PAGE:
The Nobel committee’s decision to award this year’s Peace Prize to Colombian President Juan Manuel Santos may have taken many by surprise. The decision comes a few days after the Colombian people rejected an agreement Mr. Santos’s government signed with the guerrillas of the Revolutionary Armed Forces of Colombia (FARC) in a referendum, throwing efforts to end the country’s 52-year-old civil war into uncertainty.
Media had speculated, after the referendum results, that Mr. Santos and FARC chief Timeleon ‘Timochenko’ Jimenez were off the list of Peace Prize contenders.
Still, the committee’s decision, unlike some of its controversial choices in the past, is in sync with reality. True, the future of the peace process is still hanging fire after the referendum. But taking a country from the middle of a war to the brink of peace itself is quite an accomplishment, and Mr. Santos and Mr. Jimenez could take credit for the same.
When Mr. Santos took over as the country’s President in 2010, FARC’s organisational strength was considerably weakened, mainly due to the brutal war the previous administration fought with help from the United States. But the rebels were not defeated yet. They still had 6,000-7,000 soldiers, guerrilla infrastructure built deep in the jungles and support among people living in Colombia’s countryside. Mr. Santos saw FARC’s weakness as an opportunity for peace.
His administration first started informal negotiations with the rebels, and in 2014, both sides announced entering formal talks under Cuba’s mediation. It’s the unswerving efforts by both the government and the rebels over the past four years that led to the September peace agreement. Particularly for Mr. Santos, the journey to the deal was not easy.
The former President, Alvaro Uribe, and other opposition blocs consistently opposed the government’s peace initiatives. Even when the deal was signed, they said the terms of the agreement were too lenient on FARC rebels, who are accused of serious crimes, as most of the rank and file of the organisation could walk free and begin normal civilian life. This antagonism from political opponents of Mr. Santos was one of the reasons the accord was defeated in the referendum.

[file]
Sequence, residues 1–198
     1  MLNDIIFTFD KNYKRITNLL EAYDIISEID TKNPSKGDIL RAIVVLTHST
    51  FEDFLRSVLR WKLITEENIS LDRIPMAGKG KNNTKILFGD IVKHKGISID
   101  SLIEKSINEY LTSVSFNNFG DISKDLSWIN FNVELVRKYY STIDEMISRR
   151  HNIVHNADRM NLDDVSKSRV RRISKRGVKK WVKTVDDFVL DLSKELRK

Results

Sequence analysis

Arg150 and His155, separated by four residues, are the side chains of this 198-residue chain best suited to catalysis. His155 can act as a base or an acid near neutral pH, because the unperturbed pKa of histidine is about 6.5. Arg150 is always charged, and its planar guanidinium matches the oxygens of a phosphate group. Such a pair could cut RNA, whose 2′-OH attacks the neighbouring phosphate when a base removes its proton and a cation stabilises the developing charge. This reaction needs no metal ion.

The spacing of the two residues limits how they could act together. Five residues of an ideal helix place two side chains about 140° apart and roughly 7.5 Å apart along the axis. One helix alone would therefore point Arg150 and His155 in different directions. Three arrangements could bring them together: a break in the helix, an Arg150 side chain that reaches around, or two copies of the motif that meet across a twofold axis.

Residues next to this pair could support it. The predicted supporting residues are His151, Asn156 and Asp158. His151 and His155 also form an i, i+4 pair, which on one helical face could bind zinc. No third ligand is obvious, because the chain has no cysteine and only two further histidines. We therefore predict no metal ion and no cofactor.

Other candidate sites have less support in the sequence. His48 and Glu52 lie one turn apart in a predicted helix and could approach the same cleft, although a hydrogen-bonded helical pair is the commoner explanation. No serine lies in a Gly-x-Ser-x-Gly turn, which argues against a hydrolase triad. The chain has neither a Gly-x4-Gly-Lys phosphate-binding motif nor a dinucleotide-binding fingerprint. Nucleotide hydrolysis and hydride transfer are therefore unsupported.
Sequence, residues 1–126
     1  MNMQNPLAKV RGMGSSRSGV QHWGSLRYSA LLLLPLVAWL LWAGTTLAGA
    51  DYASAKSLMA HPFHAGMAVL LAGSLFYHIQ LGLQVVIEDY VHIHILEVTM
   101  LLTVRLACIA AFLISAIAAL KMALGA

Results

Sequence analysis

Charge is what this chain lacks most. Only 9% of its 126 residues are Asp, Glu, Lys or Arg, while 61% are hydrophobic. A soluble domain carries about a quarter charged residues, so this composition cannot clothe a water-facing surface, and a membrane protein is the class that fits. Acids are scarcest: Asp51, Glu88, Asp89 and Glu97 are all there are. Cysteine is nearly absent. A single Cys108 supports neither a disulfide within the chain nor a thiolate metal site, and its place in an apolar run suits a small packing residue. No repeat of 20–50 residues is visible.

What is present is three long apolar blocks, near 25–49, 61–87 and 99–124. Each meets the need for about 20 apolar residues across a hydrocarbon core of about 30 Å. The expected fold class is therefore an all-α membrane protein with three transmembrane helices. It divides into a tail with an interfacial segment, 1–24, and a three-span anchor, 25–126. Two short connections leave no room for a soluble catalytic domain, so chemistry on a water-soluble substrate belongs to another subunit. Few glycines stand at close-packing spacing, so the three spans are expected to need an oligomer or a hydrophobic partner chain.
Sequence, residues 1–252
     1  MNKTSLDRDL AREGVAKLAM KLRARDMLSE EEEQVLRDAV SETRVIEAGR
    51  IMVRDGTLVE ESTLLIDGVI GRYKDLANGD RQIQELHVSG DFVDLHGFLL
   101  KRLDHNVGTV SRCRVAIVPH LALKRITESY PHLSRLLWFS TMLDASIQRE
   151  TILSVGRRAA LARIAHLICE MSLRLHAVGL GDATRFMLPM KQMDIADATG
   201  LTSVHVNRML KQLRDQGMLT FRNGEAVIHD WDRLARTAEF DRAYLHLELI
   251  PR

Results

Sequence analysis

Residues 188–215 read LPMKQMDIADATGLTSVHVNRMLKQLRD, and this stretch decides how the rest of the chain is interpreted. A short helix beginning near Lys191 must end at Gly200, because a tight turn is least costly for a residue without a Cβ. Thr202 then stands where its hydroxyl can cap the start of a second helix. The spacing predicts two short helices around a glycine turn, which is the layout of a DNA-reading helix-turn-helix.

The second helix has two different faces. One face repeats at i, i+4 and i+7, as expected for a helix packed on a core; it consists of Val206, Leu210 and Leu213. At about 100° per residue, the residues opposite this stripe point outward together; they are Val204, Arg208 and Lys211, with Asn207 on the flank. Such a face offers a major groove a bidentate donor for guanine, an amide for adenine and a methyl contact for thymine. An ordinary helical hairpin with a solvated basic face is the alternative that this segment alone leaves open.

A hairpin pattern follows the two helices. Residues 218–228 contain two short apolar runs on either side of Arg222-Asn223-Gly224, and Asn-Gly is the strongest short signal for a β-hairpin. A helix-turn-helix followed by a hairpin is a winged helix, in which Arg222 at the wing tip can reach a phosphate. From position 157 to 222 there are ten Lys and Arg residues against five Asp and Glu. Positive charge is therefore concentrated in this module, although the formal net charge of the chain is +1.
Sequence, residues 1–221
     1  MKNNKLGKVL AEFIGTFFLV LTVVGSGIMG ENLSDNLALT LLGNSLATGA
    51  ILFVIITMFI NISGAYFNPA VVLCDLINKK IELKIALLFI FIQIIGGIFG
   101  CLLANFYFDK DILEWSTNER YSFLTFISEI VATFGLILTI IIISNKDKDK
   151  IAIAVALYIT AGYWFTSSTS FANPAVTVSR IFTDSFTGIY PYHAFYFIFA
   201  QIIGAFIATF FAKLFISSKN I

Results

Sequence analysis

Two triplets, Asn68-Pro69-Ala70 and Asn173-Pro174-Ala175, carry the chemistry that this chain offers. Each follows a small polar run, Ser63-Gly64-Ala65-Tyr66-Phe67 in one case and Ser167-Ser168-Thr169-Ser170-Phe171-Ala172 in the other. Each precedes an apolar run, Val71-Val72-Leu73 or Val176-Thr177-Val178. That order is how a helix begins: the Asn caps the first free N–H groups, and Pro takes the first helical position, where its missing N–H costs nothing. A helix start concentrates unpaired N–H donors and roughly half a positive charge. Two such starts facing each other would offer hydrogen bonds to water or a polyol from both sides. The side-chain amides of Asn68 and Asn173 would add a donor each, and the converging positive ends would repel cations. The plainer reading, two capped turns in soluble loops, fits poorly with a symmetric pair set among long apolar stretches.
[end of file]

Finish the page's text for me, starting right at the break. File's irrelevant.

But then one could question the Nobel committee why did it avoid Mr. Jimenez as he’d also played an equally important role in the peace process. The committee Chair, Kaci Kullmann Five, refused to give an answer to this question, saying, “we never comment on the process”. But it’s not difficult to foresee that giving the world’s most coveted peace prize to a leader who faces allegations of war crimes would be highly controversial, and could even trigger sharp responses from western capitals.
According to the U.S. State Department, Mr. Jimenez has set the FARC’s cocaine policies directing and controlling the production, manufacturing, and distribution of hundreds of tonnes of cocaine to the U.S. and the world, including the “taxation” of the illegal drug trade in Colombia to raise funds for the FARC and ordered the murder of hundreds of people.
Therefore, the Nobel committee may have opted for a less controversial course to acknowledge the efforts to end the civil war. It has also sent a message to Colombian voters and its political class. Ms. Five said she’s “hopeful that this award will encourage the country’s leaders to continue to strive for peace and not let tensions re-emerge”. Even after the deal was rejected in the vote, both Mr. Santos and the FARC chief have said that they would continue efforts to clinch long-lasting peace.
But given the history of the conflict and the deep mistrust between the two sides, the present climate could turn hostile anytime. The committee’s decision is an encouragement, at least for Mr. Santos, to stick to the path of peace and avoid mistakes that could take the country back to the war. One practical option before the government and the rebels is to renegotiate a better deal and put it to vote again. In that case, Mr. Santos, as the Nobel Peace Prize winner, could also sell it better to his people and critics at home.